Fox News Tries To Scare People With Debunked Marijuana Myths

The Fox News show “Fox & Friends” rehashed some marijuana myths in a fear-mongering segment that included their “medical expert” Dr. Marc Siegel.

Siegel said that fatal car accidents in Colorado involving marijuana have doubled since legalization in 2013.

Siegel did not cite his source, but he was most likely referring to a report by the Rocky Mountain High Intensity Drug Trafficking Area (RMHIDTA).

Forbes noted in 2016 how RMHIDTA has long-opposed marijuana legalization and how RMHIDTA included this disclaimer in their report:

A footnote in the introduction (on page 11) warns, “This report will cite datasets with terms such as ‘marijuana-related’ or ‘tested positive for marijuana.’ That does not necessarily prove that marijuana was the cause of the incident.”

Forbes explained why  “marijuana-related” crashes can be a contradiction:

One reason “marijuana-related” crashes are not necessarily related to marijuana is that people can test positive for THC, marijuana’s main psychoactive ingredient, even when they are not impaired.

Siegel also said that THC “impairs judgement” because it stays in your system for “days and days.”

However, the Associated Press noted in 2016:

There is no science that shows drivers become impaired at a specific level of THC in the blood. A lot depends on the individual. Drivers with relatively high levels of THC in their systems might not be impaired, especially if they are regular users, while others with relatively low levels may be unsafe behind the wheel.

A study published by the American Public Health Association in January 2017 stated:

On average, MML [medical marijuana laws] states had lower traffic fatality rates than non-MML states. Medical marijuana laws were associated with immediate reductions in traffic fatalities in those aged 15 to 24 and 25 to 44 years, and with additional yearly gradual reductions in those aged 25 to 44 years… Both MMLs and dispensaries were associated with reductions in traffic fatalities, especially among those aged 25 to 44 years.

Siegel and Fox News co-host Ainsley Earhardt pushed the myth that marijuana kills brain cells.

This myth was debunked by the U.S. government, noted MIT’s website back in 2000:

Government experts now admit that pot doesn’t kill brain cells. This myth came from a handful of animal experiments in which structural changes (not actual cell death, as is often alleged) were observed in brain cells of animals exposed to high doses of pot.

Many critics still cite the notorious monkey studies of Dr. Robert G. Heath, which purported to find brain damage in three monkeys that had been heavily dosed with cannabis.

This work was never replicated and has since been discredited by a pair of better controlled, much larger monkey studies, one by Dr. William Slikker of the National Center for Toxicological Research and the other by Charles Rebert and Gordon Pryor of SRI International.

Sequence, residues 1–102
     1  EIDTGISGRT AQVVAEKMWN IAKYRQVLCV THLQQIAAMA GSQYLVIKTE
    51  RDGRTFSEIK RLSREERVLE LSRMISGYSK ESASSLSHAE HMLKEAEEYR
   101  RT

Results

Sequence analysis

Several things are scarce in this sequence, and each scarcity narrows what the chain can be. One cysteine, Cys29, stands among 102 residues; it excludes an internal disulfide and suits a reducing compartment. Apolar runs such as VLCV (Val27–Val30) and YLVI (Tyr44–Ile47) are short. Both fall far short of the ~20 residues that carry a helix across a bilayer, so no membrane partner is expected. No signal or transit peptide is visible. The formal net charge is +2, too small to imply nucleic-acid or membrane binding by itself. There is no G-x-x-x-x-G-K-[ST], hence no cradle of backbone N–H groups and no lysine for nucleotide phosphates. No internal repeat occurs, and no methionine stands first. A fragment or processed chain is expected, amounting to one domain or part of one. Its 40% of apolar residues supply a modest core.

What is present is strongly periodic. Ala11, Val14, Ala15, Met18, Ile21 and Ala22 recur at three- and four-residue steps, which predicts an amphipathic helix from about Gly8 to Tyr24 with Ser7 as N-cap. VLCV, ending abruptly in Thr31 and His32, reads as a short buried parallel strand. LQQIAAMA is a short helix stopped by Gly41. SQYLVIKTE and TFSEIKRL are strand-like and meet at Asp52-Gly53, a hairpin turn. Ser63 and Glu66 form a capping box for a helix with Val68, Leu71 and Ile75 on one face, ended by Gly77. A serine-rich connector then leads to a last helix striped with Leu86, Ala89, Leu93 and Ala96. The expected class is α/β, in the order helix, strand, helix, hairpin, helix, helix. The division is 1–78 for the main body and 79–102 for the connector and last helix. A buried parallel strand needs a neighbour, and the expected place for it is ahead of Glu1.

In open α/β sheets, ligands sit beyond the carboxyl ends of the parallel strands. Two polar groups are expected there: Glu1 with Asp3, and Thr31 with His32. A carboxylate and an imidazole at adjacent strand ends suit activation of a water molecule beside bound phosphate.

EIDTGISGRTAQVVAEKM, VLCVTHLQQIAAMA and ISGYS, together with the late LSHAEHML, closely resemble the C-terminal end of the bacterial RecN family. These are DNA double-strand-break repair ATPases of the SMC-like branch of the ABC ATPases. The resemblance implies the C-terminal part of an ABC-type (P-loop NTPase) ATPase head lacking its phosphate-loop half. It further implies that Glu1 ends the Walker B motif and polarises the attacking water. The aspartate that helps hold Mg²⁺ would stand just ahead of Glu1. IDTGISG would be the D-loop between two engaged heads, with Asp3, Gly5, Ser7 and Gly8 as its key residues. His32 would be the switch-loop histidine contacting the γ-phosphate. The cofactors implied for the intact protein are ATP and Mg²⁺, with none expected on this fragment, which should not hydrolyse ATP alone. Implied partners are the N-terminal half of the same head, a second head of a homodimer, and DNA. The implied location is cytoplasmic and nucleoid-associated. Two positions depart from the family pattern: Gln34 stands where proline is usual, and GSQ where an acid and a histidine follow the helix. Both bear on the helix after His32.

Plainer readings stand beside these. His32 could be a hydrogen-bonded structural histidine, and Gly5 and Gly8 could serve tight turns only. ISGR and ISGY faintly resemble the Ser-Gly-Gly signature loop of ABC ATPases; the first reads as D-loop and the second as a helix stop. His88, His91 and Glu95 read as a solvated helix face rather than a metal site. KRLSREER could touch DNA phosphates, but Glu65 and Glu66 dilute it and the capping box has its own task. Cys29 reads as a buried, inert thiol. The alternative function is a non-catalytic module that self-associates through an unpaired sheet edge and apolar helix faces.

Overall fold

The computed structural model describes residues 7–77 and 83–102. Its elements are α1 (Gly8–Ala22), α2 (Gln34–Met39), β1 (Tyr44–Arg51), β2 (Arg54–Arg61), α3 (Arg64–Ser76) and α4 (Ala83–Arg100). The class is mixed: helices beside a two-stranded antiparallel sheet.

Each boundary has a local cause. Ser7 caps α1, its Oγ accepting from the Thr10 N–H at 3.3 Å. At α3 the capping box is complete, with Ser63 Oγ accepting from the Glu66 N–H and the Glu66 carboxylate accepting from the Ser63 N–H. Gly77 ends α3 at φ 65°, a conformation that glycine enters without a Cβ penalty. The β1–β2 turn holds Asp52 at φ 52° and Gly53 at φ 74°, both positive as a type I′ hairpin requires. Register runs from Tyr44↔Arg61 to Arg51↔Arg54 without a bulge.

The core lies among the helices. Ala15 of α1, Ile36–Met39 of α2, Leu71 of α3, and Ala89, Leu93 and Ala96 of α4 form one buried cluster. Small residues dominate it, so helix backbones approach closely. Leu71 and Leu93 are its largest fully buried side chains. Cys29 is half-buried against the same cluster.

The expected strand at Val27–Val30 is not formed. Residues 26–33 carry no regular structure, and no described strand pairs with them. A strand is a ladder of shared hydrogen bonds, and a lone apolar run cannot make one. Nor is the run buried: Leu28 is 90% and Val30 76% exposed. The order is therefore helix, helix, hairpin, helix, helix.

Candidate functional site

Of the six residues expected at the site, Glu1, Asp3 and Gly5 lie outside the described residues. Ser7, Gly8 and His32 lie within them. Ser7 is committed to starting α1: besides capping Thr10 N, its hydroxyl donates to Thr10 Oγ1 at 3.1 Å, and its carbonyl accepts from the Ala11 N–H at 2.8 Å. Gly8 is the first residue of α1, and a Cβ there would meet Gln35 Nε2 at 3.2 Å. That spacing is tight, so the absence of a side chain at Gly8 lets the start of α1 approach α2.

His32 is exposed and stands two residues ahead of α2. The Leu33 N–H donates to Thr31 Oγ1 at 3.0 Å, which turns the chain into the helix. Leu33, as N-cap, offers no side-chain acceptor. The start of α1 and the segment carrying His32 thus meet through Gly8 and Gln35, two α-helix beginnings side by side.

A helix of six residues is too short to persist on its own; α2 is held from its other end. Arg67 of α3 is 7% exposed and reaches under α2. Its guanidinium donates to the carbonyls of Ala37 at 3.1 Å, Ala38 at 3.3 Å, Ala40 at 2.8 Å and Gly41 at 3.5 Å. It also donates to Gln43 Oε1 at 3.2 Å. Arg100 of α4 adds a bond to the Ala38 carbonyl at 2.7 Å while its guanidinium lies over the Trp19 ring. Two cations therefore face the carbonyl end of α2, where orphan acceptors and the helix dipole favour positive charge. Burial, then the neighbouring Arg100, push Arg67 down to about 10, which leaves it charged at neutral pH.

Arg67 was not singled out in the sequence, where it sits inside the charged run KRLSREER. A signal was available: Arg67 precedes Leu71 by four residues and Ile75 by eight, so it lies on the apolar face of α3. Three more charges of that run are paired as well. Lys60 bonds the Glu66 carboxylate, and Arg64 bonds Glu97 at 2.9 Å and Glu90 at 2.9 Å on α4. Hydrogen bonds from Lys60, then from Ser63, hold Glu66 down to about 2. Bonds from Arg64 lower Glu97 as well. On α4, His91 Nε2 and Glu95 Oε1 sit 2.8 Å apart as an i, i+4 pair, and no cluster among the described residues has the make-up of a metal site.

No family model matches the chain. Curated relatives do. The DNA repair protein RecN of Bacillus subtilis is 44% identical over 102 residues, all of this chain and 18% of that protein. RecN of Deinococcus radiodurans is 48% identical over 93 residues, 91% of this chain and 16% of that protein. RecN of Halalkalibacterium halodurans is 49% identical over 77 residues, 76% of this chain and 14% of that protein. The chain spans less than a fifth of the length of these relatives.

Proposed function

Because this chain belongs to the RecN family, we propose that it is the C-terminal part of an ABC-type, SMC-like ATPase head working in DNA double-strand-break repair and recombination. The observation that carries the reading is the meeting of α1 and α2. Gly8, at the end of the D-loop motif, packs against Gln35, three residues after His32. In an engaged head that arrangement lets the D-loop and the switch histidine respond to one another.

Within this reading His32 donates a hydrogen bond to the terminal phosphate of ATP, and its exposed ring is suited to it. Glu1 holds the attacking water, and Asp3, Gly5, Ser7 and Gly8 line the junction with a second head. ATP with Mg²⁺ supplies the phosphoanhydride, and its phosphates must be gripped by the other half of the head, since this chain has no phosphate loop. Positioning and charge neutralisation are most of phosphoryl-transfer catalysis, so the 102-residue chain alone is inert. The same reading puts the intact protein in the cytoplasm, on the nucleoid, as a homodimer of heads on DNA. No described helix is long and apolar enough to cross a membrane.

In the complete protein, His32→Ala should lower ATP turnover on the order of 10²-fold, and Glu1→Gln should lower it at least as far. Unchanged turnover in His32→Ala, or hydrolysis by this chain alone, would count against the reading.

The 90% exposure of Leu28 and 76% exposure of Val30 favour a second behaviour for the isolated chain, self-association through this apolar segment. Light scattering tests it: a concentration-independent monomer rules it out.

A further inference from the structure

Neither found any evidence of physical alteration in the brains of monkeys exposed to daily doses of pot for up to a year.

Human studies of heavy users in Jamaica and Costa Rica found no evidence of abnormalities in brain physiology. Even though there is no evidence that pot causes permanent brain damage, users should be aware that persistent deficits in short-term memory have been noted in chronic, heavy marijuana smokers after 6 to 12 weeks of abstinence. It is worth noting that other drugs, including alcohol, are known to cause brain damage.

Not mentioned by Siegel or the Fox News hosts are the benefits of medical marijuana (cannabinoids), cited by the National Cancer Institute:

Cannabinoids may be useful in treating the side effects of cancer and cancer treatment.

Other possible effects of cannabinoids include:

Anti-inflammatory activity.
Blocking cell growth.
Preventing the growth of blood vessels that supply tumors.
Antiviral activity.
Relieving muscle spasms caused by multiple sclerosis.

National Institute on Drug Abuse stated in 2015 how marijuana can kill cancer cells:

[R] recent animal studies have shown that marijuana can kill certain cancer cells and reduce the size of others. Evidence from one animal study suggests that extracts from whole-plant marijuana can shrink one of the most serious types of brain tumors. Research in mice showed that these extracts, when used with radiation, increased the cancer-killing effects of the radiation.

 A JAMA Internal Medicine study from 2014 found that states with medical marijuana laws had much lower rates of opioid overdose deaths from 1999 to 2010.

A study published in Health Affairs in 2016 also found that — in states with medical marijuana laws from 2010 to 2013 — “prescription drugs for which marijuana could serve as a clinical alternative fell significantly.”

(Sources: Fox News via YouTube, American Public Health Association, MIT, National Cancer Institute, National Institute on Drug Abuse via The Daily Caller, JAMA Network, Health Affairs, Forbes, The Associated Press)

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